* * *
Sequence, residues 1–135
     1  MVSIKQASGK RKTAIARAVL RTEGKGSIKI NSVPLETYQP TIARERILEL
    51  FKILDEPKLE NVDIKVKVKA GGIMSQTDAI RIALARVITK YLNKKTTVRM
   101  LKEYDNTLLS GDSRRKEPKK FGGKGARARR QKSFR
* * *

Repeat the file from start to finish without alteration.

Sequence, residues 1–135
     1  MVSIKQASGK RKTAIARAVL RTEGKGSIKI NSVPLETYQP TIARERILEL
    51  FKILDEPKLE NVDIKVKVKA GGIMSQTDAI RIALARVITK YLNKKTTVRM
   101  LKEYDNTLLS GDSRRKEPKK FGGKGARARR QKSFR